Between the growing family, the professional transfers or the house of your dreams that you don’t want to pass up, wanting to buy a new property when you haven’t sold the old one is a delicate, but common situation.
If, like many French households, you do not have sufficient funds to finance the payment of your new acquisition, there is the bridge loan. A transition loan that allows you to buy your new home while waiting to receive the money from your future sale.
How is it calculated?
With no minimum duration but limited to two years, this partial advance is calculated according to the price you will get when you return your old accommodation.
Generally, its amount represents between 50 and 70% of the value of the property. The value in question is estimated by a notary or a real estate expert. This estimate must appear in due form in a sales mandate to be presented to your bank before any signature.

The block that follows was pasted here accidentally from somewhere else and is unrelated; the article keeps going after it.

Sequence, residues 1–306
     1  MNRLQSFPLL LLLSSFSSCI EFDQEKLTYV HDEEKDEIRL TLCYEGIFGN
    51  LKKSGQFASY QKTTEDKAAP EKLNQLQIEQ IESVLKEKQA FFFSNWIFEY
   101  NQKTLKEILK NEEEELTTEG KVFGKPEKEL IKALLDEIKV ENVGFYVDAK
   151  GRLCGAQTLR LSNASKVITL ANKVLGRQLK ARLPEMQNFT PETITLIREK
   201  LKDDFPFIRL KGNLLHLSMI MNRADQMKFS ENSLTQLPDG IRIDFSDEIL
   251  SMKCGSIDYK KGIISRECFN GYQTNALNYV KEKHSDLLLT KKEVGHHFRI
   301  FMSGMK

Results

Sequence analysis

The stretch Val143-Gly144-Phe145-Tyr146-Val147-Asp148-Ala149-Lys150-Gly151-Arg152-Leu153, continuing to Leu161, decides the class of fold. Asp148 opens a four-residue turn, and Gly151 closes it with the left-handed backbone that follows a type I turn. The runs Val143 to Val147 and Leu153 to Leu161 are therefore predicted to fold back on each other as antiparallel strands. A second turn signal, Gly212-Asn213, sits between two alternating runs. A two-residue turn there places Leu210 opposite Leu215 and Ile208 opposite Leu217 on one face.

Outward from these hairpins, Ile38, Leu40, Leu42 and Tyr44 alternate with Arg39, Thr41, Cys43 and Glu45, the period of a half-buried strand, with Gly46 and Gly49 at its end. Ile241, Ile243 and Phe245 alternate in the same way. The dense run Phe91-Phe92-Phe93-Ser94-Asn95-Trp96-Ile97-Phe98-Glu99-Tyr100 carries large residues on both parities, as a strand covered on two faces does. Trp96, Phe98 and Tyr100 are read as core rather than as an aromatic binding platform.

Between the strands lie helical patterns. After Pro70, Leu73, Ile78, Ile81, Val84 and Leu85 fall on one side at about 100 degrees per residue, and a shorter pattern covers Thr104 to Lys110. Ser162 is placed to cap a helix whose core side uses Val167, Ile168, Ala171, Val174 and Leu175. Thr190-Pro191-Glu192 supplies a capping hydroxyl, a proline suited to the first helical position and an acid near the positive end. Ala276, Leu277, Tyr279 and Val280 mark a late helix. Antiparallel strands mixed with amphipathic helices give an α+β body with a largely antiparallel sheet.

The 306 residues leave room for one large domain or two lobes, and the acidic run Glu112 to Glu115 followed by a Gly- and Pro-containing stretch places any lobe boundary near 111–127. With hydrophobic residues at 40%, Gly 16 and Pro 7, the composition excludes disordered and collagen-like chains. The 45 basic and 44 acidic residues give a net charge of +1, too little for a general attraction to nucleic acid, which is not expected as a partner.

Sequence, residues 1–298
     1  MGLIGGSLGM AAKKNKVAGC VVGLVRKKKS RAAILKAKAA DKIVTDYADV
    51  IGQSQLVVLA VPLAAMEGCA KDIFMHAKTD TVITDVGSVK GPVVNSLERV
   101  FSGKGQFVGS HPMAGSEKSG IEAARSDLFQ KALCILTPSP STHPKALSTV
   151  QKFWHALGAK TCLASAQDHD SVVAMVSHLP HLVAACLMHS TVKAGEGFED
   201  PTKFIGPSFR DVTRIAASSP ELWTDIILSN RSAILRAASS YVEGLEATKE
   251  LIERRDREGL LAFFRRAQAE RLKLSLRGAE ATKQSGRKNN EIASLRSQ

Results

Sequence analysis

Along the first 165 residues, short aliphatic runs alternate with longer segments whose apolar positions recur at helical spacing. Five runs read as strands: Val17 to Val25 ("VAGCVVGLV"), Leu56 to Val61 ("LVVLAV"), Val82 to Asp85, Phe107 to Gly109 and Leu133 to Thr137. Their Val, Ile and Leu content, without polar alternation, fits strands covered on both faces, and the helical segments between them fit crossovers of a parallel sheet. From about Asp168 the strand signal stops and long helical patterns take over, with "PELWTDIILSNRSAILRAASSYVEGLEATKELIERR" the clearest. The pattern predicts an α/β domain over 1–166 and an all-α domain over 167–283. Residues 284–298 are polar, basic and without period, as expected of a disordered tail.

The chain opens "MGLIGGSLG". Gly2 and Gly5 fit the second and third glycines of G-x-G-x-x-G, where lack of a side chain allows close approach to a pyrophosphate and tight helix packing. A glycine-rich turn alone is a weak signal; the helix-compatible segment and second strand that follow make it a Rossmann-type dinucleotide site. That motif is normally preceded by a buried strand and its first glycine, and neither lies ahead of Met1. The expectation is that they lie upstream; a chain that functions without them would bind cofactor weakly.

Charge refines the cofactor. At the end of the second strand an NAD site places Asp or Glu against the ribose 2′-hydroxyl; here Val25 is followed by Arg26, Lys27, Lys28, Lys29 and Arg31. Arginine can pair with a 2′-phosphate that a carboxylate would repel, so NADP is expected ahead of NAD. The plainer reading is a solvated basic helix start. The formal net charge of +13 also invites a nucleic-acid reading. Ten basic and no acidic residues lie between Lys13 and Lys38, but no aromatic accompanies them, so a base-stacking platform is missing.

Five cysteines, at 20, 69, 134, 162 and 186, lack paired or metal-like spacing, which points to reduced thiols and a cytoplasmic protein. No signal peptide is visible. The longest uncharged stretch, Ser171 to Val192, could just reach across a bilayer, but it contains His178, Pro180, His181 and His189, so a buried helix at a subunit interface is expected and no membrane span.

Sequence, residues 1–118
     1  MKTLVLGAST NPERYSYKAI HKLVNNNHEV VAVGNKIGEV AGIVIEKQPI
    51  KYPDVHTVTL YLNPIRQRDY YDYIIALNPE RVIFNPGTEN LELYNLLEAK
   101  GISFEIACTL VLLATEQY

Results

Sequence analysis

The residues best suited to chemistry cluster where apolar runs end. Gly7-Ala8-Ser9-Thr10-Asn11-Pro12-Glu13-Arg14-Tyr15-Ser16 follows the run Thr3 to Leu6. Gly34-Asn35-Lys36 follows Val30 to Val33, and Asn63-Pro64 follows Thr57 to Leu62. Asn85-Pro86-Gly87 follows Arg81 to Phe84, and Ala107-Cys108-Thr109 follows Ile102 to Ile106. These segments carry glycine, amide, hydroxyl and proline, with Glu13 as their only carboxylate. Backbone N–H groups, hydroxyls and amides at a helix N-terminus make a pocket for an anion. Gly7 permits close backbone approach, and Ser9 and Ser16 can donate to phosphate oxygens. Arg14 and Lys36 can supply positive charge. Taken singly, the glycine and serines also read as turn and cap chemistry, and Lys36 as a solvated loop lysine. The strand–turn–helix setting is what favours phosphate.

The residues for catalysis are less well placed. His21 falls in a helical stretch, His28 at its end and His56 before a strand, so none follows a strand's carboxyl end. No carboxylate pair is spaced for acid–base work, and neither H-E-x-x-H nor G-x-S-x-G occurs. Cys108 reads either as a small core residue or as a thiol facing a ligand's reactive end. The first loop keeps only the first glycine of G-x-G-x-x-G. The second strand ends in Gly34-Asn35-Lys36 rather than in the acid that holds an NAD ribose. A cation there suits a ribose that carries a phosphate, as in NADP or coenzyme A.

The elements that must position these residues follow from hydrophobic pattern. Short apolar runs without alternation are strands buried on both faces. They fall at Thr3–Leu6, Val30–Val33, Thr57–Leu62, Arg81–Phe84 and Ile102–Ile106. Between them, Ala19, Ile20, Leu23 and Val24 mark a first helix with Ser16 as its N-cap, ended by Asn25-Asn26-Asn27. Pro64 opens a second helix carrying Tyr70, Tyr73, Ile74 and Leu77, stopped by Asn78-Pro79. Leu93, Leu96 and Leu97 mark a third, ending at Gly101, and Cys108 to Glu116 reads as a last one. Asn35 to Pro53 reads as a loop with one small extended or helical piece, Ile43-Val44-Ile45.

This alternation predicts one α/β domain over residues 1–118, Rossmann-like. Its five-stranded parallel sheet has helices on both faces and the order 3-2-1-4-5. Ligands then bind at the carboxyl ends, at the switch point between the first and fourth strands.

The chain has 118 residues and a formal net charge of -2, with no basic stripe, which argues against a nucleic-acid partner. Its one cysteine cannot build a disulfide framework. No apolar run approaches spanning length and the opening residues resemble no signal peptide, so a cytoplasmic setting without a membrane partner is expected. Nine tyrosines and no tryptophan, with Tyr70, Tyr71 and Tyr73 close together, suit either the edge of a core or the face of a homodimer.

Dry or backed?
Your banking establishment can offer you two types of bridging loans: with total franchise or dry. The bridging loan with total deductible, or “back-to-back” loan, is associated with a long-term “classic” mortgage. It can extend up to twelve months and its advantage is that it makes it possible not to pay the interest monthly, and therefore to reduce the monthly payments between the resale and the purchase of your property.
It is only from the moment you made the sale of your old home that you will repay the borrowed capital, as well as the interest. In the event that the amount of the resale is greater than that of your credit, you have this amount to make an early repayment on your conventional credit. Good to know: for this financial arrangement, only one guarantee is necessary.
The “dry” bridge loan is the second version offered by banks. Unlike the “back-to-back” loan, it does not go along with conventional credit. This solution, which can be considered as an “advance”, starts from the premise that the resale of your old property will allow you to be a beneficiary, and therefore have a large amount of money.
Thus, you will only reimburse small monthly payments while waiting to settle the capital once the sale is completed. But beware: these monthly payments correspond to interest which is often at a rate much higher than the rate charged for a bridging loan with total deductible.
And you, what do you think of this type of “transition” loan? Have you used it? Would you be willing to recommend it to a friend?